Synopses & Reviews
A consortium of British architects and their patrons rebelled against the early eighteenth century's Baroque excesses and turned instead toward the Renaissance works of Andrea Palladio for inspiration. These Neo-Palladians guided the course of British architecture toward classical principles, and the Vitruvius Britannicus
(British Vitruvius) reflects their vision. A sumptuous collection of magnificent copperplate engravings, it depicts great English country houses and public buildings.
Published between 1715 and 1725 in a three-folio set, the Vitruvius Britannicus documents in meticulous detail many of the buildings from the previous two centuries. Its 300 illustrations include facades, ground plans, exterior elevations, and perspective views. Featured buildings include those designed by Inigo Jones, the seventeenth-century architect who introduced Palladianism to England; the work of Sir John Vanbrugh, whose innovative Classical-Revival architecture retained a Baroque flair; and contemporary designs, including those of the author, Scottish architect Colen Campbell.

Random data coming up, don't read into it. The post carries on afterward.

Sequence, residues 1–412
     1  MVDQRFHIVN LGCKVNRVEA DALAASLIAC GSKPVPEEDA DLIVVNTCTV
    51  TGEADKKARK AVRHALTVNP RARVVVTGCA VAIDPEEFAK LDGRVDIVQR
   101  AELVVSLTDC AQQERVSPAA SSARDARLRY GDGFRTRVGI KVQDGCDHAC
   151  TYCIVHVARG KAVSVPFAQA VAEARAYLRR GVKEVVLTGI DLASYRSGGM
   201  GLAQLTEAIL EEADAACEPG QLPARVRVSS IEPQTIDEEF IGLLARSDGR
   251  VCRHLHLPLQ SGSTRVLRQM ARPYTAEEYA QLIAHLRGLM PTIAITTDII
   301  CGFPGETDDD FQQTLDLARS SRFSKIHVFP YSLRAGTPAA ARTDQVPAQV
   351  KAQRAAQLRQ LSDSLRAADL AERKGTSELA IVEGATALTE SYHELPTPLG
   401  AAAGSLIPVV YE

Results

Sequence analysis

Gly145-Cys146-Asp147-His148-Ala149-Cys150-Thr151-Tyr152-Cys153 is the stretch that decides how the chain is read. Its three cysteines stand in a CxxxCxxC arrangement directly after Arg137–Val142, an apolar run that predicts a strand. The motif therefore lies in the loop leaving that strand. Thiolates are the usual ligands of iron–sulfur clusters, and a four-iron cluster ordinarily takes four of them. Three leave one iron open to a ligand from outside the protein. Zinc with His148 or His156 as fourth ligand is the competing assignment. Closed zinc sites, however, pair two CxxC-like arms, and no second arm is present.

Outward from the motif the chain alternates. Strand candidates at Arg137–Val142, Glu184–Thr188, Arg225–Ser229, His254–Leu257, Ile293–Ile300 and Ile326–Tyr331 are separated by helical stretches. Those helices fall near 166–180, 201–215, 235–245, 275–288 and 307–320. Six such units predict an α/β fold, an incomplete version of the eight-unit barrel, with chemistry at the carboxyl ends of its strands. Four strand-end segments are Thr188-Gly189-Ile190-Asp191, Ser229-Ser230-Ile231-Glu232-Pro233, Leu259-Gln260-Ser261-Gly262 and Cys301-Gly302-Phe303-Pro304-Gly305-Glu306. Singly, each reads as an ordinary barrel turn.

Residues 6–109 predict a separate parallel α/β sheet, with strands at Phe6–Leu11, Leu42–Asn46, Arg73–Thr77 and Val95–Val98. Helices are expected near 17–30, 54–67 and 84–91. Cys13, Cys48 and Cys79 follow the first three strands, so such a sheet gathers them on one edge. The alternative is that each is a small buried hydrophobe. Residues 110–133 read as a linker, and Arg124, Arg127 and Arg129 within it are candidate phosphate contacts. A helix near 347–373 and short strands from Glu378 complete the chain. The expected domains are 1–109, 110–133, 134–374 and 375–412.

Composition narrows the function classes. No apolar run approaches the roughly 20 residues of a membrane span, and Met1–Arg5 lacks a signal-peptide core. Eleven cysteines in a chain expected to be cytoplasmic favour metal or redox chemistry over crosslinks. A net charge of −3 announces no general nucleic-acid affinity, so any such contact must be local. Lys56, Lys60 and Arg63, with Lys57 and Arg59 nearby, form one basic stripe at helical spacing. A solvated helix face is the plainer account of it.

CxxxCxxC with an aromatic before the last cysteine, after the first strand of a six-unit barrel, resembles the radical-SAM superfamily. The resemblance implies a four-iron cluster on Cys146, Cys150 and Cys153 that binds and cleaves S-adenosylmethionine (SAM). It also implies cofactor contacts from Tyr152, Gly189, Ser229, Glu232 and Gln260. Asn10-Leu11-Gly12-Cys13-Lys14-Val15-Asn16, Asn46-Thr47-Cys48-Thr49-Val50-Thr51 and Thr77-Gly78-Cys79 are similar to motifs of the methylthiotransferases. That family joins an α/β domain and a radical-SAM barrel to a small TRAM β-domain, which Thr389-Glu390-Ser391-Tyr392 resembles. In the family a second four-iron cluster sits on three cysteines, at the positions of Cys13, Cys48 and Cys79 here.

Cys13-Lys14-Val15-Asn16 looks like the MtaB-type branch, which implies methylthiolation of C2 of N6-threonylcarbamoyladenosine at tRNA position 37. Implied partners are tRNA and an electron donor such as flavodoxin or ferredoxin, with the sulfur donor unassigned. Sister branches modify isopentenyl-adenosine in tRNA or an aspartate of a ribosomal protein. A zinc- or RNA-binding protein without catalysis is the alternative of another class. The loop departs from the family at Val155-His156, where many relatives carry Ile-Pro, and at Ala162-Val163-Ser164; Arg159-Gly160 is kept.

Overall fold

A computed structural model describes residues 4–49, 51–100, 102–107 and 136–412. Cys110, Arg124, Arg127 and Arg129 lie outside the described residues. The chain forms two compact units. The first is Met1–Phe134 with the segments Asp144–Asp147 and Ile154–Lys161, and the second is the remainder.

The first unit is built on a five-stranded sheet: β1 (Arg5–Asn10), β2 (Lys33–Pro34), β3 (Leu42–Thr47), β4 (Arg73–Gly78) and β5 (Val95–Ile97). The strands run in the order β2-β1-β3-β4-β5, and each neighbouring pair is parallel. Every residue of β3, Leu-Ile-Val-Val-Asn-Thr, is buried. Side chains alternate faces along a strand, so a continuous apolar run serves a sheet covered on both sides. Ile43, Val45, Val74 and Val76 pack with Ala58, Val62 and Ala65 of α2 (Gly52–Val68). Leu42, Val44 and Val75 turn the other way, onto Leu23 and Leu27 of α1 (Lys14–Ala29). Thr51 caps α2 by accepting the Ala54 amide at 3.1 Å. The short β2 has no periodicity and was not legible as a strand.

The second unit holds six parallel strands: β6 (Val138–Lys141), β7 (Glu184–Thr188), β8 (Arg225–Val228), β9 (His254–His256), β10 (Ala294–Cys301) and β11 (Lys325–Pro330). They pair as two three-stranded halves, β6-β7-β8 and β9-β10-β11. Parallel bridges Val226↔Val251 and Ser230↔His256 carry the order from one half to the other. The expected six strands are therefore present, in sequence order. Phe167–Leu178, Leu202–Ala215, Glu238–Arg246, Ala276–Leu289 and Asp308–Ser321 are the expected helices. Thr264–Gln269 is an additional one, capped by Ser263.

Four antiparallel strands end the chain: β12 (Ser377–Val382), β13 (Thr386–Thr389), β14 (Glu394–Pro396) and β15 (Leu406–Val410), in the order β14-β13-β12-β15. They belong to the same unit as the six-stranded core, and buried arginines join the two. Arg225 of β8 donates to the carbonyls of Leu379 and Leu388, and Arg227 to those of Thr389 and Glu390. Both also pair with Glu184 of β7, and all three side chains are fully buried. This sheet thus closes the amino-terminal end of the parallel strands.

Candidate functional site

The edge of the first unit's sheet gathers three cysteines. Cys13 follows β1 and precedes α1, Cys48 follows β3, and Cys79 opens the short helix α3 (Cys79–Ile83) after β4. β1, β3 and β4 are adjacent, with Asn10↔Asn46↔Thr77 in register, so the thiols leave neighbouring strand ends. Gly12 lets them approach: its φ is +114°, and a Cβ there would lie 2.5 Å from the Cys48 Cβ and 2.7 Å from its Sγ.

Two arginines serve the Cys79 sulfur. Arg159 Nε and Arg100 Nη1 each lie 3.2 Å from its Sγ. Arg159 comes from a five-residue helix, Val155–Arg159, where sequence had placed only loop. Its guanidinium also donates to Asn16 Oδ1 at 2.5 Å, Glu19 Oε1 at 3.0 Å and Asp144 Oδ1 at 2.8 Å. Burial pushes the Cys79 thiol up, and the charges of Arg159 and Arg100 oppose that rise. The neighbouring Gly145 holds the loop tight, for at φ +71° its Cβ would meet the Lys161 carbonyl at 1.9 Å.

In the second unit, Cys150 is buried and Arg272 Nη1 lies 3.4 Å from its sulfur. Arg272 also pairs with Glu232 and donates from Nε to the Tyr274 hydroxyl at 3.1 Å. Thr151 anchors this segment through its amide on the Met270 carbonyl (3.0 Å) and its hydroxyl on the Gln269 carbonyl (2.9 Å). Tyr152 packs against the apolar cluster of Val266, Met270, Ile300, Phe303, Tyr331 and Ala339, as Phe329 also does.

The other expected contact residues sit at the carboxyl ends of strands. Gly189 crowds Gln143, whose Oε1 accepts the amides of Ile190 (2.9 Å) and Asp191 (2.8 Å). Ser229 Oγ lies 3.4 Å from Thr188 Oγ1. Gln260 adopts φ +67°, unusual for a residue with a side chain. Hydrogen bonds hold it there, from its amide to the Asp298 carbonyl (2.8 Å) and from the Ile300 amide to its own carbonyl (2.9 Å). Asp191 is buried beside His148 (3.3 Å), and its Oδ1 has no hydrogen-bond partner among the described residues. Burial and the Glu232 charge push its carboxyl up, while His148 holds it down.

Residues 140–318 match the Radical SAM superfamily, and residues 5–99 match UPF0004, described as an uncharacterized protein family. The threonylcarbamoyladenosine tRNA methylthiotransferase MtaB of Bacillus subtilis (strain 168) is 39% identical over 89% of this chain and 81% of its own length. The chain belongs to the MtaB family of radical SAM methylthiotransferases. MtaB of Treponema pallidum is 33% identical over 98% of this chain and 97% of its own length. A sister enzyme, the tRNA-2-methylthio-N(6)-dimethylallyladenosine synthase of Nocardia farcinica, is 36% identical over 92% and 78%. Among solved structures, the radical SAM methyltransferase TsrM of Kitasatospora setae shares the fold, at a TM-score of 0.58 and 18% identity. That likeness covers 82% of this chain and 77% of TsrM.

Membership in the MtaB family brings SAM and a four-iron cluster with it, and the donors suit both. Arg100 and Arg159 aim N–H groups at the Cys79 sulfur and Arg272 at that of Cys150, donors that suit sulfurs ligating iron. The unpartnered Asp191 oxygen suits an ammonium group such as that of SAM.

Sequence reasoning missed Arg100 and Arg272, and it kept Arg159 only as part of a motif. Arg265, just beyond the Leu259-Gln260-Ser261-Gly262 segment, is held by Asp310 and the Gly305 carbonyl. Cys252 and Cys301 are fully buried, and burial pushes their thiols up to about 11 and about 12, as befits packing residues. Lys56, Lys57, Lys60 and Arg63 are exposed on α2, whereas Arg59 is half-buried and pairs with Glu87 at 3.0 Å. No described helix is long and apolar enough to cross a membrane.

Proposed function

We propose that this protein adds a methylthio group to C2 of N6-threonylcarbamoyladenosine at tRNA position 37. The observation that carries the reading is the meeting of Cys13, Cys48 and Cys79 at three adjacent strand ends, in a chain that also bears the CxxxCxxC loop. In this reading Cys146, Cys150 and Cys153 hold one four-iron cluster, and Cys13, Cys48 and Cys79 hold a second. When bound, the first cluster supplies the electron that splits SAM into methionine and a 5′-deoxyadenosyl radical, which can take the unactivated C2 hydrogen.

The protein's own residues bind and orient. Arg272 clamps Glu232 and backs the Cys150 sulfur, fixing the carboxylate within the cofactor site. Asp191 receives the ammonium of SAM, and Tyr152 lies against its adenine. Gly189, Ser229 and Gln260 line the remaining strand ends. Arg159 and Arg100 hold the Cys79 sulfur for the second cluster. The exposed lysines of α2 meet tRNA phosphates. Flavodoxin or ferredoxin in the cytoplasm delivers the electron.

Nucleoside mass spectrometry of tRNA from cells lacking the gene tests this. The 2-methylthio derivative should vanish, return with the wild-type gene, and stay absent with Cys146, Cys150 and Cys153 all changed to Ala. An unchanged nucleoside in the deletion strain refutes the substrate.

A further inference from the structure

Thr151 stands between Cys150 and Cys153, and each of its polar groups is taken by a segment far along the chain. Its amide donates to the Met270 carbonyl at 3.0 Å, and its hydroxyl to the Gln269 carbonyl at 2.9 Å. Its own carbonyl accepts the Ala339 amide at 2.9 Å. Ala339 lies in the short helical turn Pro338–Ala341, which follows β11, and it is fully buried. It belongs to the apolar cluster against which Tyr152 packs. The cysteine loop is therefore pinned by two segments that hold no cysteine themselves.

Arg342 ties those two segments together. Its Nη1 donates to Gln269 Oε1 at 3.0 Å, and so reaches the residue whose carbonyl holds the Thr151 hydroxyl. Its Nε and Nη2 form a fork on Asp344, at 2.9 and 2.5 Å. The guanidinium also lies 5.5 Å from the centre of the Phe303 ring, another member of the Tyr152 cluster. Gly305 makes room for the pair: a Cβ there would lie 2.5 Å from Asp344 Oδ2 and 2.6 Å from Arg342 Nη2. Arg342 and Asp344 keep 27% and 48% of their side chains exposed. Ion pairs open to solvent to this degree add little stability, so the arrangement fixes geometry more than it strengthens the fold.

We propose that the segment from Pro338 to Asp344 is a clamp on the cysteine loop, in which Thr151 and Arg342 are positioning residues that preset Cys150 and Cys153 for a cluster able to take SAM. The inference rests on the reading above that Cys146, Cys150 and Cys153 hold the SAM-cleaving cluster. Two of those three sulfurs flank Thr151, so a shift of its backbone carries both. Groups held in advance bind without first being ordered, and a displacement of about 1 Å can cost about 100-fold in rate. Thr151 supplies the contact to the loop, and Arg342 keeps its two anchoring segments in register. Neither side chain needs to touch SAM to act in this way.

The popularity of this volume fostered the development of the Neo-Palladian movement, and Vitruvius Britannicus continues to influence architects and designers. Handsome and modestly priced, this new edition is an essential complement to any design library.
Perhaps the greatest achievement of 18th century English architectural thought, this groundbreaking work established Palladianism as the national style, unifying the nation's landscape. Originally published in three volumes, it features 300 extremely detailed illustrations, blueprints, and cross sections of country homes and parks. No design library is complete without this amazingly influential work.
This groundbreaking work established Neo-Palladianism as the national style, overthrowing Baroque trends and anointing Inigo Jones as the British Vitruvius. Its 300 illustrations include facades, grounds, exteriors, and perspective views.